A few months after the D-Day invasion, Supreme Allied Commander Gen. Dwight Eisenhower and his son John – then an Army second lieutenant – walked along the Normandy beaches and pondered the course of the war. “You’d never get away with this if you didn’t have air supremacy,” the son told his father. “Without air supremacy,” the general responded, “I wouldn’t be here.”
To be certain, the aviation advantage we eventually achieved on both the European and Pacific fronts of the war was due to the efforts of many parties – the Army Air Corps, Navy, industry, university labs, our Allies, and the NACA.
On April 11, 1946, Eisenhower visited the National Advisory Committee for Aeronautics (NACA) Aircraft Engine Research Laboratory in Cleveland, Ohio (today the NASA John Glenn Research Center at Lewis Field), to personally thank the NACA staff for their role in helping to provide the Allied air forces with control of the skies over the European theater of operations. A beaming Dr. Edward Sharp, the lab’s first director, reveled in Ike’s acknowledgement of NACA’s role.
The Aircraft Engine Research Laboratory, whose research began on May 8, 1942, and the NACA Ames Aeronautical Laboratory in Mountain View, California, formed Dec. 20, 1939, plus the expansion of the NACA Langley Memorial Aeronautical Laboratory, were the physical manifestations of an NACA that grew dramatically due to the late 1930s concern that some areas of American aeronautical research were falling behind the Europeans, and the nation needed to catch up should it be dragged into war. The expansion of the NACA staff and budget from about 500 people and $4 million at the beginning of World War II to more than 6,000 people and $41 million by war’s end1 was also indicative of the importance America placed on applied aeronautical research tied directly to the operational needs of the U.S. Army Air Corps and U.S. naval aviation, as opposed to the fundamental basic research that the NACA was used to conducting.
To be certain, the aviation advantage we eventually achieved on both the European and Pacific fronts of the war was due to the efforts of many parties – the Army Air Corps, Navy, industry, university labs, our Allies, and the NACA. And as has often been pointed out, the NACA and the rest of the American aviation establishment fell short during World War II when it came to keeping up with British and German advances in jet aviation, and in the case of Germany, rocket propulsion. While there were American scientists familiar with jet and rocket propulsion, the national and military leadership decided it was best to devote resources toward improving the performance of existing technologies and concentrate on mass production. But clearly the NACA made many significant contributions to the war effort, including improving the speed, range, and maneuverability of aircraft through meticulous work on drag cleanup; the use of improved airfoils to reduce drag and better aerodynamic engine cooling; the development of deicing systems used to save the lives of airmen flying in the most difficult of weather conditions; improving the performance of high-powered piston engines; increasing aircraft stability, control, and handling qualities; and giving pilots a fighting chance of survival when they had to ditch their planes in the ocean.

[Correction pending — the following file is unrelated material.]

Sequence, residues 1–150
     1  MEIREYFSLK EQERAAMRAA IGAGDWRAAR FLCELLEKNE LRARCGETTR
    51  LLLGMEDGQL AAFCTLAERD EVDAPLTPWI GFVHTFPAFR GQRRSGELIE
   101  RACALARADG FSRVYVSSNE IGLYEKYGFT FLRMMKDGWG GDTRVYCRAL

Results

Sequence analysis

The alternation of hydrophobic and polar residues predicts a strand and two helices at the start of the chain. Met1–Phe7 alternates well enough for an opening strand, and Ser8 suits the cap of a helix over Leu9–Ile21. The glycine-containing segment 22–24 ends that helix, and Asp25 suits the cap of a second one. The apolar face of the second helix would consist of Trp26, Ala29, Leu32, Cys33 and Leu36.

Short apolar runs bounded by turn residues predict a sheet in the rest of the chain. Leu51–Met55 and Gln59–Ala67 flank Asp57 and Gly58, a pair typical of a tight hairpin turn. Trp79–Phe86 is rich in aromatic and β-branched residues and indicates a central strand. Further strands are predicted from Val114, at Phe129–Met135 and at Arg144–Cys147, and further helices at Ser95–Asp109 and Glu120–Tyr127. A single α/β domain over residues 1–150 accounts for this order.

Buffeted by the Winds of War
NACA’s World War II story, and a fundamental change in the size and scope of the organization and approach to research, actually begins in the prewar years, when the Committee’s man in Europe, Paris-based John J. Ide, in 1936 reported to the home office on greatly expanded aeronautical research efforts in England, France, Italy, and Germany.2 In 1936, George Lewis, NACA’s Director of Aeronautical Research, inserted a deft warning to the government in the NACA’s annual report, stating that “increased recognition abroad of the value and of the vital necessity of aeronautical research has led to recent tremendous expansion in research programs and to multiplication of research facilities by other progressive nations. Thus has the foundation been laid for a serious challenge to America’s present leadership in the technical development of aircraft.” In September-October of that year Lewis flew to Germany aboard the airship Hindenburg, in part because of these developments and in part because of an invitation by Deutsche Zeppelin-Reederei. Once there, he received a complete guided tour of German aerospace research facilities and was both impressed and disquieted by their activities. Reflecting on Germany’s commitment to exceeding American aeronautics facilities, Lewis reported back, “The cost is not considered.” He also reported that “the personnel of the German research laboratories is [sic] larger in number, and the engineers have the opportunity of having special training, which has not been afforded to many of our own engineers.” States former NASA historian Roger Launius, currently Associate Director of Collections and Curatorial Affairs at the Smithsonian’s National Air and Space Museum, the Lewis trip “really set them [NACA] on a new path where they realized that they needed to do high-speed work, that they needed to do more wind tunnels, that they needed to do propulsion research that they really hadn’t done much of. They sort of woke up and said, ‘Oh my God. We need to get busy.’”